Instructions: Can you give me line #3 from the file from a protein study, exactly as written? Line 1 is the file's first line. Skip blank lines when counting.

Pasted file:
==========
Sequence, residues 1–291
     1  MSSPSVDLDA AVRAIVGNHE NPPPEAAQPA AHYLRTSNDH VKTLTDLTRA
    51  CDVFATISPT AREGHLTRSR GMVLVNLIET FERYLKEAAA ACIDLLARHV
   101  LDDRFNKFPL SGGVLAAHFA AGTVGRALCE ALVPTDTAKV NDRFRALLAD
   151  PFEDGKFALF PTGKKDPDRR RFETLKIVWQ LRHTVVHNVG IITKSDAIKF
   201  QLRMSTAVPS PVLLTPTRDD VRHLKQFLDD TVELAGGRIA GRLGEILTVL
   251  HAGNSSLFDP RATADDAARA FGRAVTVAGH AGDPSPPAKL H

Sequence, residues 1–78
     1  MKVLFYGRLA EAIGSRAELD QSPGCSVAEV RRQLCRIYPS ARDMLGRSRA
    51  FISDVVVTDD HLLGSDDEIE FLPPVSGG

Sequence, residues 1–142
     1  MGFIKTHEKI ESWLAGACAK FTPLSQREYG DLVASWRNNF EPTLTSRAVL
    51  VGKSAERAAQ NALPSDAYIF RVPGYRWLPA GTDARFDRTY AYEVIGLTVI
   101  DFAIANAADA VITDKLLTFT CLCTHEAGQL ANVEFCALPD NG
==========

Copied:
    51  CDVFATISPT AREGHLTRSR GMVLVNLIET FERYLKEAAA ACIDLLARHV